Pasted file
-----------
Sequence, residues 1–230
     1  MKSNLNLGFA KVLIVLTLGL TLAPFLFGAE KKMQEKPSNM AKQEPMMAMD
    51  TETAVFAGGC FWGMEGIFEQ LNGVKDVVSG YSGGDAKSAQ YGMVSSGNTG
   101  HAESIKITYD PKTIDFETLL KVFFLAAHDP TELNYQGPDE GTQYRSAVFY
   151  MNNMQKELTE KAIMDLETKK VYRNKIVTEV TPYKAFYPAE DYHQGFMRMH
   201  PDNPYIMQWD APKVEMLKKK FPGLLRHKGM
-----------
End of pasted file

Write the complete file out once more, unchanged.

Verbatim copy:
Sequence, residues 1–230
     1  MKSNLNLGFA KVLIVLTLGL TLAPFLFGAE KKMQEKPSNM AKQEPMMAMD
    51  TETAVFAGGC FWGMEGIFEQ LNGVKDVVSG YSGGDAKSAQ YGMVSSGNTG
   101  HAESIKITYD PKTIDFETLL KVFFLAAHDP TELNYQGPDE GTQYRSAVFY
   151  MNNMQKELTE KAIMDLETKK VYRNKIVTEV TPYKAFYPAE DYHQGFMRMH
   201  PDNPYIMQWD APKVEMLKKK FPGLLRHKGM